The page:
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From: Carlo Wood (carlo_at_[hidden])
Date: 2004-09-13 06:52:10

> It's easy to blow this if you start monitoring any significant hardware.
> Start monitoring some serial ports and setting various timeouts associated
> with those prots and you can run into troulble easily. In fact, timers is a
> big problem -- you need to have a smart queing implementation that keeps the
> number of timers down to the bare minimum....

We will need one queue per (for events waiting) user threads.
If the user uses threads, and he requests a timer event, then
at the very least it should be supported to call a 'callback
function' (a virtual function of a provided object) in that
same thread. Possibly even we want to add support for having
the callback called in a different thread.

However - that is just a single event per (for events waiting) user
thread. Timers will not become a problem causing us to go over
the 64 limit.

> > It seems unlikely to me that there are many cases were the limit
> > would be exceeded. However, in those cases, I don't think it would
> > be a problem if the multiplex user were required to create another
> > thread, and another multiplex. I don't think the multiplex should
> > do this.
> Well, it's ugly for the user because it's tough to predict when you are going
> to hit the 64. So I disagree, I'd like to see the user shielded from this issue.

My opinion too. Shielding the user from implementation specific
things (that vary from Operating System to Operating System) is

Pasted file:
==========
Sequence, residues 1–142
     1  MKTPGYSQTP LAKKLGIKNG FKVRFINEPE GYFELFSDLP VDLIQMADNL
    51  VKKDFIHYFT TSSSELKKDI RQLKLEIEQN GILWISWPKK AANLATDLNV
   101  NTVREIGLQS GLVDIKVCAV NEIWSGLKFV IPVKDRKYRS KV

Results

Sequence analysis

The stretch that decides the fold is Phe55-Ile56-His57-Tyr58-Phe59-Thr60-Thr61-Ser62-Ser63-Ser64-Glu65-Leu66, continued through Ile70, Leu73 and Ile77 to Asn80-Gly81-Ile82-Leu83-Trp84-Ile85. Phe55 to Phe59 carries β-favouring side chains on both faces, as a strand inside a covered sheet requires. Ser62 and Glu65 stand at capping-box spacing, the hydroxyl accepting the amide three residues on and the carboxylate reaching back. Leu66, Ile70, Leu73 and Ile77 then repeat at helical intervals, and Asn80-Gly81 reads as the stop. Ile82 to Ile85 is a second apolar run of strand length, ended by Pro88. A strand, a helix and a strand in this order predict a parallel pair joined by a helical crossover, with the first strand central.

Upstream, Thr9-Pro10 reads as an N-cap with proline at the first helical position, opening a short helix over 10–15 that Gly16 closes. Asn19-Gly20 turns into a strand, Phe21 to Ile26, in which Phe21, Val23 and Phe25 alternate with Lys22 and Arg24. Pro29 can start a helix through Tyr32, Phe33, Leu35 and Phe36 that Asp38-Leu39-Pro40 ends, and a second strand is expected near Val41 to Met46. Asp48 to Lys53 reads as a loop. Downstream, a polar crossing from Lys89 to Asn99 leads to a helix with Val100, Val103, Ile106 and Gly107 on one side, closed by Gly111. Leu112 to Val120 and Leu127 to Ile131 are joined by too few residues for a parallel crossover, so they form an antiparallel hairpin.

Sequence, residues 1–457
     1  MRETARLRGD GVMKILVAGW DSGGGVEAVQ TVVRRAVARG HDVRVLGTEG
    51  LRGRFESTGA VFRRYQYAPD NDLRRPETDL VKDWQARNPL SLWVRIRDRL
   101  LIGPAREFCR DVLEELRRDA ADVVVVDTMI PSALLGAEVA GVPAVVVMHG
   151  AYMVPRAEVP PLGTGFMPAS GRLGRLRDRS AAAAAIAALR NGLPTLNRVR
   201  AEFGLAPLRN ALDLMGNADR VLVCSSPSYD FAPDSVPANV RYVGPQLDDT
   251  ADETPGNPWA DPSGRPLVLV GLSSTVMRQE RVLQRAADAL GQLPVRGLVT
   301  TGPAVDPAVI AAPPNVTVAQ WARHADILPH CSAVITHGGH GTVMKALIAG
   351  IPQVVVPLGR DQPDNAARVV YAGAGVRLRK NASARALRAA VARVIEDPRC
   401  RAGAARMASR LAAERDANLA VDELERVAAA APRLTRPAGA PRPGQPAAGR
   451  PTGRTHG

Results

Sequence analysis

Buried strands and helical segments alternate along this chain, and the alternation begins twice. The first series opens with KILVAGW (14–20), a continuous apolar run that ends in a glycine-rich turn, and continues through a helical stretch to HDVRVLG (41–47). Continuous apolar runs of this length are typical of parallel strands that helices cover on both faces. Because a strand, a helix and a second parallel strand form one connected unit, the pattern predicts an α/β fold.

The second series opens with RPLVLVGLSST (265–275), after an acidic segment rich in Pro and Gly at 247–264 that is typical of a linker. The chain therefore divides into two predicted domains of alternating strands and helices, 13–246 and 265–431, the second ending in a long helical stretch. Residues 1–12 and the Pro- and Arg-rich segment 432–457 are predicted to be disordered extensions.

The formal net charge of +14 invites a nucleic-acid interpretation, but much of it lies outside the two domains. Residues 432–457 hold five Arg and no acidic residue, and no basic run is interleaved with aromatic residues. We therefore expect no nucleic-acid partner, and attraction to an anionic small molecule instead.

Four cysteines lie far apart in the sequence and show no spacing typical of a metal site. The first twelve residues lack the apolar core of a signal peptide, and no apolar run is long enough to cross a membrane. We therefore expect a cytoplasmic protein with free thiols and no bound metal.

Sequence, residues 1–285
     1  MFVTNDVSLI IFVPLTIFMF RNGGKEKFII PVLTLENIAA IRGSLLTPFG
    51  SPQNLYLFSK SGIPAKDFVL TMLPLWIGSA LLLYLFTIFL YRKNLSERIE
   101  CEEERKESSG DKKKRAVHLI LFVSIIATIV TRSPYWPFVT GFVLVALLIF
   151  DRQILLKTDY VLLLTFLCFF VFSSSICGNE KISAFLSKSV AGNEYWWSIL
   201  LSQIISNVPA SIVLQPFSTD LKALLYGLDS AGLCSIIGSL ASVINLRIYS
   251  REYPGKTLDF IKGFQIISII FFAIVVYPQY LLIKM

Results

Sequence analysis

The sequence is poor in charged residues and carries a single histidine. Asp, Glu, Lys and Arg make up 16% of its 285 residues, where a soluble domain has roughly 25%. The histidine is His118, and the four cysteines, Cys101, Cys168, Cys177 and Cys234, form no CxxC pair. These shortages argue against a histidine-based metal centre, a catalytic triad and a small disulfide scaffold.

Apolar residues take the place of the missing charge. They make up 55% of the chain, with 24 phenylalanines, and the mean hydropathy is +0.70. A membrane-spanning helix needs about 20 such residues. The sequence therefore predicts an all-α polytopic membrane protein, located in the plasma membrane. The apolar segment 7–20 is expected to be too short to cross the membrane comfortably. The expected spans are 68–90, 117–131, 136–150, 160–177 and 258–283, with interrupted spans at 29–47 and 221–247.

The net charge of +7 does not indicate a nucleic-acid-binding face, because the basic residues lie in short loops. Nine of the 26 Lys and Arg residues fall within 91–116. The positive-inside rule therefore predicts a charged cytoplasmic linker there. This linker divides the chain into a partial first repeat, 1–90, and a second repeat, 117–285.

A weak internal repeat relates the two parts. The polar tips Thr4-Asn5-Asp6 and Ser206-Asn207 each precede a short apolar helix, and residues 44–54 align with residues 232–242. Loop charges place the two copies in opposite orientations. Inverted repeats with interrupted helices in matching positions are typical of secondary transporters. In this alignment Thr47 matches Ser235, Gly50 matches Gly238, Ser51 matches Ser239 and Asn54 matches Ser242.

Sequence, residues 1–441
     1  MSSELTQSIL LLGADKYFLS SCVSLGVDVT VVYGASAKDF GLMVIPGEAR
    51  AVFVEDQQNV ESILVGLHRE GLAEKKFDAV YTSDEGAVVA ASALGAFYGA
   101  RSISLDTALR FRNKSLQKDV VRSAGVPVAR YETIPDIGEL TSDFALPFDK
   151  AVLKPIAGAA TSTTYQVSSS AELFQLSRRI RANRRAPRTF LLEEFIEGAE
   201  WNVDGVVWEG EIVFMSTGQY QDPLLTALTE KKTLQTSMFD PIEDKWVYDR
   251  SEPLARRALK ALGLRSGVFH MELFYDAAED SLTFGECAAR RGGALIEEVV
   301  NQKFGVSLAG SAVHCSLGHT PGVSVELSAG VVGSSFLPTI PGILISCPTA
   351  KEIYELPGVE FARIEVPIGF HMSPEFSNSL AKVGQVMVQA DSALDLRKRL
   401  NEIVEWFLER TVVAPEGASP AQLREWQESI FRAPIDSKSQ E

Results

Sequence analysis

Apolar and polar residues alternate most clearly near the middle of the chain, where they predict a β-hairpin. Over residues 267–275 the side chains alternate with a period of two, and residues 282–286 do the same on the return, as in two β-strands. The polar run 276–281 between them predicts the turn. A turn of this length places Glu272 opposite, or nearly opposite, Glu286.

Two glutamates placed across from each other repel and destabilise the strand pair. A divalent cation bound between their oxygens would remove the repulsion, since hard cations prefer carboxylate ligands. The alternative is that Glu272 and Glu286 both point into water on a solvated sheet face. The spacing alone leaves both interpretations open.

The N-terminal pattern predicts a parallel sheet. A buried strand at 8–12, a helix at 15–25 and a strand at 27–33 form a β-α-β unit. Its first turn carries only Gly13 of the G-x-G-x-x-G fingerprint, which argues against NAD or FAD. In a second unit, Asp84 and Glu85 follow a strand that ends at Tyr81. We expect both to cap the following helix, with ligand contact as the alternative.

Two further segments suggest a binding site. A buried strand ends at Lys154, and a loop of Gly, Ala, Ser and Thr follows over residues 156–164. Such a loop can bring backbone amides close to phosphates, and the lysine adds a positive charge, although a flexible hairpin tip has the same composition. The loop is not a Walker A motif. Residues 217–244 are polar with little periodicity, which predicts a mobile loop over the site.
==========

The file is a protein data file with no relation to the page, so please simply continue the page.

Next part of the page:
a Good Thing(tm). Otherwise it will be hard to write portable
code :/

[more things I agree with snipped]
> Well, I'll disagree with this one as well. I think it should be coupled with
> both thread and date_time, since you picked those two ;-)


> Here's why. I think the interface should look something like this:
> class mutliplexor {
> public:
> //returns a unique event handler id
> template<class EventHandler, class EventMultiplexor>
> boost::int32_t
> register(EventHandler eh, EventMultiplexor em, unsigned int priority);
> void remove(boost::int32_t event_handler_id);
> void suspend(boost::int32_t event_handler_id);
> void run_event_loop(time_duration td = time_duration(pos_infinity));
> void end_event_loop(time_duration td = time_duration(pos_infinity));
> };
> Note that the amount of time to run the event loop is specified as a
> time_duration which allows things like 'pos_infinity' or run forever to be
> specified more cleanly than the typical interface which passes '0' meaning run
> forever. Now I can write code that looks like and it's perfectly clear what
> it means:
> multiplexor m(...); //setup
> while (!done) {
> m.run_event_loop(seconds(1));
> //do other stuff like set done
> }
> So there's the hook to date_time. BTW, for this part of date_time you only
> need headers -- you don't need to link the lib.
> As for boost.thread, that will be needed because the mutliplexor implemenation
> of register will need to manage a list of event handlers and will need to be
> capable of dealing with the remove, suspend, and register running in different
> user threads. This means it will need to lock. So even if you argue away
> date-time I don't see how you avoid boost.thread.

My opinion too; we need to support multi-threaded user application and therefore
we have to link with boost.thread. This reason is separated from the fact
that I can't see how to implement this within a single thread on windows -
even while considering only a few sockets so that the event limit is not
the problem.

Carlo Wood <carlo_at_[hidden]>

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